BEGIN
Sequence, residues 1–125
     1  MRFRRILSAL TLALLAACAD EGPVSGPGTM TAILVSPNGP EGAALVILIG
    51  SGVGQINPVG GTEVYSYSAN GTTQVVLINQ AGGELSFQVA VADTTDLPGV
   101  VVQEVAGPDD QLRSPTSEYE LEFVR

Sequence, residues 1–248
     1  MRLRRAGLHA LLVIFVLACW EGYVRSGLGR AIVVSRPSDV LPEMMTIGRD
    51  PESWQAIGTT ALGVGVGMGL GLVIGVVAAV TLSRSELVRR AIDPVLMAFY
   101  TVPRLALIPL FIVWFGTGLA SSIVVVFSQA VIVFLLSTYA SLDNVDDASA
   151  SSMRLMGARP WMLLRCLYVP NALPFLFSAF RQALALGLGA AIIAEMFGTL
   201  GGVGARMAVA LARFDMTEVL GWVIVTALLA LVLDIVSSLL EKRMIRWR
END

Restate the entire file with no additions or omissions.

Sequence, residues 1–125
     1  MRFRRILSAL TLALLAACAD EGPVSGPGTM TAILVSPNGP EGAALVILIG
    51  SGVGQINPVG GTEVYSYSAN GTTQVVLINQ AGGELSFQVA VADTTDLPGV
   101  VVQEVAGPDD QLRSPTSEYE LEFVR

Sequence, residues 1–248
     1  MRLRRAGLHA LLVIFVLACW EGYVRSGLGR AIVVSRPSDV LPEMMTIGRD
    51  PESWQAIGTT ALGVGVGMGL GLVIGVVAAV TLSRSELVRR AIDPVLMAFY
   101  TVPRLALIPL FIVWFGTGLA SSIVVVFSQA VIVFLLSTYA SLDNVDDASA
   151  SSMRLMGARP WMLLRCLYVP NALPFLFSAF RQALALGLGA AIIAEMFGTL
   201  GGVGARMAVA LARFDMTEVL GWVIVTALLA LVLDIVSSLL EKRMIRWR